Dallas is also determined to prevent Paul from operating in his comfort zones in the half court. He’s an exception in the modern NBA, a player the Mavs want to force into the paint instead of watching him launch midrange jumpers, where he is elite. Paul went 10-of-15 from the midrange in the first two games; he was just 3-of-6 from those spots in Dallas.

The Mavs also took a couple of pages out of the CP3 playbook and used them against him. After he hunted Doncic in Game 2, draining the Mavs superstar by targeting him on defense, Dallas similarly put a bullseye on Paul. He’s been an elite defender throughout his career, but the 6-foot Paul isn’t equipped to deal with the 6-foot-7 Doncic backing him down.

And Paul had to begrudgingly respect the Mavs pulling out a few tricks after he got into foul trouble.

Did Doncic flop on Paul’s fourth foul in Game 4? Paul asked Doncic at the time whether he really pushed him that hard. “No, not that hard,” Doncic slyly replied, “but it was a smart play.” “Yeah, I know,” Paul grumbled.

“We’re being taught by one of the best point guards ever on the other side how to do things,” Mavs coach Jason Kidd said. “That’s pretty cool this time of the year.”

— Tim MacMahon


Another late scratch, another Celtics win. Maybe Boston should try this more often.

Prior to Game 2, Marcus Smart was ruled out 90 minutes before tip-off with a right quad contusion; the Celtics won 109-86. Prior to Game 4, Robert Williams III was ruled out 90 minutes before tip-off with left knee soreness: The Celtics won 116-108.

While coach Ime Udoka would surely like to have his full complement of players available at all times, shortening his rotations has worked to Boston’s benefit.

In Game 2, Udoka essentially played seven players in the blowout victory. On Monday, Udoka briefly went with Daniel Theis as the eighth man but played him just 91 seconds in the second half as he stuck with a seven-man group for the majority of the final two quarters.

Jayson Tatum, Al Horford and Smart each surpassed the 40-minute mark, and Jaylen Brown might have joined them if he didn’t sit during large chunks of the game due to foul trouble.

Seemingly the more physical team has won each game, but that style has started taking its toll.

“The whole team was exhausted,” Smart said postgame. “But we wanted to make sure we weren’t the more tired team and to keep going no matter how tired we were.”

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Marcus Smart tries to pick up Giannis Antetokounmpo for over 10 seconds before giving up and leaving him on the floor.

Giannis Antetokounmpo was visibly gassed in the fourth quarter. After one tough finish down the stretch, he laid on his back staring at the Fiserv Forum ceiling for an extended period trying to catch his breath — the Bucks even pulled Antetokounmpo for a 49-second stretch in the fourth quarter when they were trailing.

Antetokounmpo has played at least 38 minutes in every game this series and topped out at just over 41 on Monday. Following the Game 4 victory, Udoka said that while he understands Milwaukee is hunting Brown and Tatum in matchups to make them work defensively, the Celtics are trying to do the same with Antetokounmpo.

The winner of this series might come down to who has more gas in the tank.

— Andrew Lopez


Despite a valiant effort playing Monday’s Game 4 without injured star Ja Morant, the Grizzlies will return home needing a win to extend what has been a magical season.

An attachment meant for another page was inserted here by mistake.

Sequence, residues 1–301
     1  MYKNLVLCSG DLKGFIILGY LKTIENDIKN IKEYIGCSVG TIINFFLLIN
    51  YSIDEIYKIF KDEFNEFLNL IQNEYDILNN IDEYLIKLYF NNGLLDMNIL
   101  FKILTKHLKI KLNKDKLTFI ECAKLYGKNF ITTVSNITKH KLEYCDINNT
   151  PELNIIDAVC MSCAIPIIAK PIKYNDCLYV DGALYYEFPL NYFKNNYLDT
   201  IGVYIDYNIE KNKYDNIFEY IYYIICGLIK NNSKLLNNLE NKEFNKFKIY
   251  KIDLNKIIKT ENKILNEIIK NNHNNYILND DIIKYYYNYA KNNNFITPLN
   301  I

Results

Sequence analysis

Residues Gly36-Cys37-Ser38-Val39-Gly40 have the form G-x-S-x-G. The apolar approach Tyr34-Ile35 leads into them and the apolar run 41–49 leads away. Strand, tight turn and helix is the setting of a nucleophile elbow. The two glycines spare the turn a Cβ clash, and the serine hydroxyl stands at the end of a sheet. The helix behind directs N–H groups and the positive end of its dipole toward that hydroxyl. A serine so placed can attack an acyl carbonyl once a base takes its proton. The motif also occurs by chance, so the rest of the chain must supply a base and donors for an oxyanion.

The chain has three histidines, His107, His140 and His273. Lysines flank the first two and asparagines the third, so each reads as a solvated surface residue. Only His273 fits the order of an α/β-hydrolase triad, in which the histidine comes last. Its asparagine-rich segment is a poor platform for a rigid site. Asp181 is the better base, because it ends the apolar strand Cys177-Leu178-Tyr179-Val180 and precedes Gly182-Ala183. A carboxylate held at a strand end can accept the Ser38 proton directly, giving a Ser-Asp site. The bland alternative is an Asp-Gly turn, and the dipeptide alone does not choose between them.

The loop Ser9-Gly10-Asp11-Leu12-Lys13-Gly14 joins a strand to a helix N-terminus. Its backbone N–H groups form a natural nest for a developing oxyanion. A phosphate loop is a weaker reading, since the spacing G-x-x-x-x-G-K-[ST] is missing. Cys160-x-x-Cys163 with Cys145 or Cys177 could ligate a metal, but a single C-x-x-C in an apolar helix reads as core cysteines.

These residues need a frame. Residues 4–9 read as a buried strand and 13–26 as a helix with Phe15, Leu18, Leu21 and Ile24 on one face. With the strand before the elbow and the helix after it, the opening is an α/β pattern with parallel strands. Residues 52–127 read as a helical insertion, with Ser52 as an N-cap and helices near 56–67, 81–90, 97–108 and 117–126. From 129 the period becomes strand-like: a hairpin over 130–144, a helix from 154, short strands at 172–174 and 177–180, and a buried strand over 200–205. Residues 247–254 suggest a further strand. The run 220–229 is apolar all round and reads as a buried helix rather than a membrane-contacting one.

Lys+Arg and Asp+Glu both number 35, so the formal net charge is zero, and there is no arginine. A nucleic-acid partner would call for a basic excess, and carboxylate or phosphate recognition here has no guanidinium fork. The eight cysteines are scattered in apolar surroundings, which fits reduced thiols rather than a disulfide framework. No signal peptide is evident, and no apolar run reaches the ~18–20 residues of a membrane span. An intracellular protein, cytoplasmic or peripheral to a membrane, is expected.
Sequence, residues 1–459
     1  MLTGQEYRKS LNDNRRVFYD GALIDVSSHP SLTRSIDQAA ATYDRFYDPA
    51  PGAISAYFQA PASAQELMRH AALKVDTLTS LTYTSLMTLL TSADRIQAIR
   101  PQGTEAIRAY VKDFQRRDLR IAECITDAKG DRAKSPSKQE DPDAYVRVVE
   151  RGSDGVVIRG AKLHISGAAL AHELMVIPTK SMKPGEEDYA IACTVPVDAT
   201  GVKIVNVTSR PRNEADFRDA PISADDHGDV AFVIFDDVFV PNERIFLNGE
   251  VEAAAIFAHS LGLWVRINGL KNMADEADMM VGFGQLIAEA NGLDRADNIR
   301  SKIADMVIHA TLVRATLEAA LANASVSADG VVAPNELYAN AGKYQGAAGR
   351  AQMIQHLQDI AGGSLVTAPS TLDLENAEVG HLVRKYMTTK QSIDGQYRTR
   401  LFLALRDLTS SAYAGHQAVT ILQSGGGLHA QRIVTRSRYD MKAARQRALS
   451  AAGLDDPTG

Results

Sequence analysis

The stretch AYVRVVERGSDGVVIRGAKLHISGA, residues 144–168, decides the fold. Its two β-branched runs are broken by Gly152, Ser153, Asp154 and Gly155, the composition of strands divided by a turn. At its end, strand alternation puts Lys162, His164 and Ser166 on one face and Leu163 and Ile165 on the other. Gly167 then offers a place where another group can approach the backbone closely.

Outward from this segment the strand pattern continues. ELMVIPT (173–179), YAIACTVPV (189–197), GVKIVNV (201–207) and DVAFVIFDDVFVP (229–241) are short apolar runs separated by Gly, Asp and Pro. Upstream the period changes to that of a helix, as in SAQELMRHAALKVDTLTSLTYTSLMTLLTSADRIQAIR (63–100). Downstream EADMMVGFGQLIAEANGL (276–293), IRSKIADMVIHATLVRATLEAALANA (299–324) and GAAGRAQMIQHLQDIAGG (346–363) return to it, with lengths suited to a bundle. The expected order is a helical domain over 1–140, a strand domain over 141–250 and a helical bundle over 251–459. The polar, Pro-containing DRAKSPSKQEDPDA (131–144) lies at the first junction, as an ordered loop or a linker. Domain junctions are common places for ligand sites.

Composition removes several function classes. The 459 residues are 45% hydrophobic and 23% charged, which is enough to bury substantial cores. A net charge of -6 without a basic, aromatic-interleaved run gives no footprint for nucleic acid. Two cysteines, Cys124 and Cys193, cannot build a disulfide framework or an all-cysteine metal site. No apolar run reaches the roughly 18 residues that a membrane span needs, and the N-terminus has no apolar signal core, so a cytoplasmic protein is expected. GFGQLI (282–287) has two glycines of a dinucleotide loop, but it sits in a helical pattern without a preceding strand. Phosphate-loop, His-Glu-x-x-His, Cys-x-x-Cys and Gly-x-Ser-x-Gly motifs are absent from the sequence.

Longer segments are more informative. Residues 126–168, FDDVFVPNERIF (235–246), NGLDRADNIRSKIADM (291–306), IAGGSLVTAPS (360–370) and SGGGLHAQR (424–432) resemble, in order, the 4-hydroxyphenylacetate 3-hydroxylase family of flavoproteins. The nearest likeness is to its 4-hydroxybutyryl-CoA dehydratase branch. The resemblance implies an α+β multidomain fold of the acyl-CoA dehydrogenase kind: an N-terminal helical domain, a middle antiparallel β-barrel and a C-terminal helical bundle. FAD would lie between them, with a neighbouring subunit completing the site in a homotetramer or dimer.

The formula that helped Memphis go 20-5 without Morant during the regular season allowed them to lead throughout the game. Predictably, the Grizzlies struggled to score without their leading scorer but compensated with stout defense — taking advantage of the Warriors’ sluggish, turnover-heavy start: The Warriors had 11 turnovers and shot an unthinkable 2-of-20 from 3-point range in the first half.

In 25 games without Morant, Memphis held opponents to 8.6 points per 100 possessions below their usual average, a mark that would have led the NBA by a wide margin.

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Steph Curry and the Warriors rally late to grab the 101-98 win over the Grizzlies in Game 4.

Poor opponent shooting has also been a hallmark of the Grizzlies’ success without Morant. Teams shot just 31.5% from 3-point range against Memphis in those 25 games. Golden State fell short of even that standard, finishing at 24% (9-of-37) despite key late 3s by Stephen Curry and Otto Porter Jr. — yet the Warriors found just enough offense to complete the comeback.

All eyes will remain on Morant’s knee, injured in the late stages of the Warriors’ Game 3 blowout win. If Morant can’t play, Memphis will have to continue relying on defense and timely scoring.

The Grizzlies can feel good about the decision to start Steven Adams, who had played less than seven minutes since Game 1 of their opening-round series against the Minnesota Timberwolves.

Golden State’s small lineup might actually be a more favorable matchup for Adams, who subsequently spent time in the NBA’s health and safety protocols before being cleared and not getting off the bench in Game 3. His size created problems on the offensive glass for the Warriors, and the Grizzlies were plus-13 in Adams’ 27 minutes. He finished with 10 points and 15 boards.

Memphis will also want to revisit the shot selection of guard Dillon Brooks before a must-win game. Despite making his final two shots, including a 3-pointer from a listed 38 feet at the buzzer, Brooks finished 5-of-19 on difficult attempts.

While Morant’s absence put more pressure on Brooks to create offense, this isn’t a new problem. Not counting Game 2, when he played three minutes before being ejected for a flagrant foul on Gary Payton II, Monday was Brooks’ fifth game this postseason shooting worse than 30% from the field. To extend their season, the Grizzlies will need better from Brooks.

— Kevin Pelton